Alcoholism is linked to self-harm. One half of people who arrive in accident and emergency rooms after deliberate harm have been found to have consumed alcohol, and it's thought that 10 per cent are alcohol dependent.
How do you get a diagnosis of self-harm?
A diagnosis will be made by a health professional such as your GP, a counsellor or psychotherapist, or a doctor at accident and emergency. The process will consist of possible physical examination and a series of questions asked by the mental health professional.
If you are curious as to how these questions are chosen, most healthcare providers in the UK refer to guidelines set forth by the National Institute for Health and Care Excellence (NICE). You can find out more about what NICE recommends around issues of self-harm here.
It's of course much better to find the desire to reach out and receive help and a diagnosis then end up in an accident and emergency room because of your self-harming. You can talk to a mental health professional such as a counsellor or psychotherapist, or to your GP. If you are a young person you can get a referral for help from Child and Adolescent Mental Health Services (CAMHS) from your GP or also from a school nurse, a teacher, a learning mentor or a family worker.
If you do want help but are nervous about going for a diagnosis, you might find reaching out to others on self-harm forums or calling a self-harm hotline can be a good first step. See the resources section below to get you started.
Recommended treatment for self-harm
While self-harm is connected to other mental disorders that may benefit from drug treatment, drugs are not a recommended intervention to reduce self-harm itself. Instead, psychological help and support is the best step to recovery from self-harm.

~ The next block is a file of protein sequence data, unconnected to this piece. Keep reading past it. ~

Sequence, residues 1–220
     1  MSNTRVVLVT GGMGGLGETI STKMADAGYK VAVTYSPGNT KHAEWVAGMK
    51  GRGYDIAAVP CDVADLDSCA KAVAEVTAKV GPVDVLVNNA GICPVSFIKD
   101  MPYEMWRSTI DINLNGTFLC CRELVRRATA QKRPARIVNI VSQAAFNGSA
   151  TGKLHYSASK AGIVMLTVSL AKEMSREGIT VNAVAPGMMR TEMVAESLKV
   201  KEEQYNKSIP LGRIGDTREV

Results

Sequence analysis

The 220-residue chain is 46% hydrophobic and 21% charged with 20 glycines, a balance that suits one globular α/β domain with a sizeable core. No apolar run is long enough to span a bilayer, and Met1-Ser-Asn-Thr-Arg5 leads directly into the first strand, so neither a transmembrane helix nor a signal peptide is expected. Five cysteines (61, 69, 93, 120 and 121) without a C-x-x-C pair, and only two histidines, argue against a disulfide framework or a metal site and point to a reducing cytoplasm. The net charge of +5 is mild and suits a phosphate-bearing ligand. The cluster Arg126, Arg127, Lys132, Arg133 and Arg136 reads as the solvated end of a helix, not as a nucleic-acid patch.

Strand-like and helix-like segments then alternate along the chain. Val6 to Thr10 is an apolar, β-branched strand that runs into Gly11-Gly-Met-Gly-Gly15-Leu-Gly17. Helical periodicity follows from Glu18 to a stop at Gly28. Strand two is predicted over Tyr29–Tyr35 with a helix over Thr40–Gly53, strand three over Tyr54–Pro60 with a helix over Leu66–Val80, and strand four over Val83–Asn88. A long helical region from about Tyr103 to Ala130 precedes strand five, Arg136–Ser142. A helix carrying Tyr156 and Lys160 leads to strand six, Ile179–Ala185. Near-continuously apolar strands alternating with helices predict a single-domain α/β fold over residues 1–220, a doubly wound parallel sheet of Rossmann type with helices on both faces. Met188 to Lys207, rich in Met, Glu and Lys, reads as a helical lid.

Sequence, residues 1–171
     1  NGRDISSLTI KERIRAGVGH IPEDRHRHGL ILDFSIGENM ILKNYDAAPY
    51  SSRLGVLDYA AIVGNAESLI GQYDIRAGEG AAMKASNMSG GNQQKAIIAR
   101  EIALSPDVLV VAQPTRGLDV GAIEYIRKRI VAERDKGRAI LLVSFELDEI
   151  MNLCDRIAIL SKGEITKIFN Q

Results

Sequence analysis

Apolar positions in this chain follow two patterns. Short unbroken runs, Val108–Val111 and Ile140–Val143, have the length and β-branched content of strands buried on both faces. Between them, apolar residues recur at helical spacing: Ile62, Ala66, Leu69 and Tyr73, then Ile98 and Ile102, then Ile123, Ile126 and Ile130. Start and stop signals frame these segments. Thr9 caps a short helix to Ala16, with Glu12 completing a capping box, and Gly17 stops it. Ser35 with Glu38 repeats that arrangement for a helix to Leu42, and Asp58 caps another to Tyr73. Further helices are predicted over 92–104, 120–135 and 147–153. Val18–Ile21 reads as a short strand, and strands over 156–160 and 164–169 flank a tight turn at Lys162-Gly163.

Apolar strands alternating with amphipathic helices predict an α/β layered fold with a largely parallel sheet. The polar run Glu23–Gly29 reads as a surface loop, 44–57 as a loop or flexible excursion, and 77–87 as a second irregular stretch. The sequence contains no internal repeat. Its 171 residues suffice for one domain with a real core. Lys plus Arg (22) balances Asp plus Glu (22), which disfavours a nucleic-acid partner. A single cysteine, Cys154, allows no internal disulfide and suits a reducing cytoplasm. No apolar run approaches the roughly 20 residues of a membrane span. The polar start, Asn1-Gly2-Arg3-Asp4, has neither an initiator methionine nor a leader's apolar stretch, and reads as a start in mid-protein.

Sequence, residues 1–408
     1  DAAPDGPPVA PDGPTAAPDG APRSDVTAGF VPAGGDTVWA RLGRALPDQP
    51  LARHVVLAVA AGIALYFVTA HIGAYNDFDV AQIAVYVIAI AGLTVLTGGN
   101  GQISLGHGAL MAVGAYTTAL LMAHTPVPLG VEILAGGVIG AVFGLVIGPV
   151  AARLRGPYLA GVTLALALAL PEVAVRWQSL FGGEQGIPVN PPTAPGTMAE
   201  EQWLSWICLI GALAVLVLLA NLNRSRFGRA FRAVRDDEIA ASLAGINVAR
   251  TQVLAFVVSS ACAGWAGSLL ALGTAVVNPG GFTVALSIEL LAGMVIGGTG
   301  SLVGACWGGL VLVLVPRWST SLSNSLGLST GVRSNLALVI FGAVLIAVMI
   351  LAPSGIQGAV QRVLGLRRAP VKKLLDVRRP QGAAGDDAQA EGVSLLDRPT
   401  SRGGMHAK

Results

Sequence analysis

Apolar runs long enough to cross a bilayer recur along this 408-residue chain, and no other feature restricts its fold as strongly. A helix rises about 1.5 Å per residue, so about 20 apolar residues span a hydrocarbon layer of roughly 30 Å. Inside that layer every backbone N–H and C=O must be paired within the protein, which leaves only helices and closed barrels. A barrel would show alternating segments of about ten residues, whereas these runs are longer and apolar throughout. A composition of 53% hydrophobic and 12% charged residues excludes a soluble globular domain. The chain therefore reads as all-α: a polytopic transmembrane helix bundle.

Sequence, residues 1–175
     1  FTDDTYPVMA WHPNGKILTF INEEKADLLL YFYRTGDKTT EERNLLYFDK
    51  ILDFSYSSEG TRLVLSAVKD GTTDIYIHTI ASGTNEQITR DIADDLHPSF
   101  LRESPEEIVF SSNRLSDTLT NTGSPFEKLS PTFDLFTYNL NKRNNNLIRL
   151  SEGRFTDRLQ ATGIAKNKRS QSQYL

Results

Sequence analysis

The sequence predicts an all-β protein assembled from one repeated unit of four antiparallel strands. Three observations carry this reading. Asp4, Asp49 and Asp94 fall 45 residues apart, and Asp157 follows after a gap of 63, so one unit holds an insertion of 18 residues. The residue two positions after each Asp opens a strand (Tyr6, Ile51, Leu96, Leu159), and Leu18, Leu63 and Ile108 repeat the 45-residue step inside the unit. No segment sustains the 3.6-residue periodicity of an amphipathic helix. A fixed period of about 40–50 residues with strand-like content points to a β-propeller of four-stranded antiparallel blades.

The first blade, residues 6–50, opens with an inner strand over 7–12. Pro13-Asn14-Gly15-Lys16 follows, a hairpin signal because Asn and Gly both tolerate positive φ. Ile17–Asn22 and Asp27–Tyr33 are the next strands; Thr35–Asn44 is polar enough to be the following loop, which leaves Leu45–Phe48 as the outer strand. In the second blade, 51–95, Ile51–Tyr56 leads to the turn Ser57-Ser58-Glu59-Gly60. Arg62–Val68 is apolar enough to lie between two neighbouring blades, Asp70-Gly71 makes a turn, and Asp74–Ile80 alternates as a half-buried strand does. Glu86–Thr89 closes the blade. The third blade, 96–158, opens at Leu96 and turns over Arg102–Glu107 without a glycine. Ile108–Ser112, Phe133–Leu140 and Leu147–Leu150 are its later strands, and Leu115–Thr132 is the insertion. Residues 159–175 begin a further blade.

It's important to remember that stopping the self-harm itself is only part of the healing journey. Once the harming is stopped the issues the harming was acting as a coping mechanism for can surface, which is why the help of a mental health professional or support group is highly recommended as part of treatment.
The aims of treatment will vary for each individual. Some examples may be to reduce the number of self-harm incidents, improve well-being, reduce risk, improve social functioning, reduce negative emotions such as depression and anxiety, and to enhance self-esteem.
Talking treatments are proven effective for self-harm.
Psychodynamic therapy is very useful at helping individuals explore how their past experiences have determined their current life choices and emotions, and how they can make different choices for their present and future.
Cognitive-behavioural therapy (CBT) is also recommended for treating self-harm. A short term therapy, it helps you to notice the relation between your thoughts, feelings, and actions, and gives you practical tools to start to manage them better.
Dialectical behaviour therapy (DBT) is highly recommended for self-harm, especially if it is a symptom of borderline personality disorder which involves intense and sudden surges of emotion that can feel unmanageable. DBT helps you moderate your emotions and distress, make practical choices for yourself, and become more aware of your feelings and choices moment by moment. (You can read an academic paper with an interesting case study about just how affective DBT is for self-harm here.)
Talking therapy can be done one-on-one, and sometimes with self-harm family therapy is also helpful.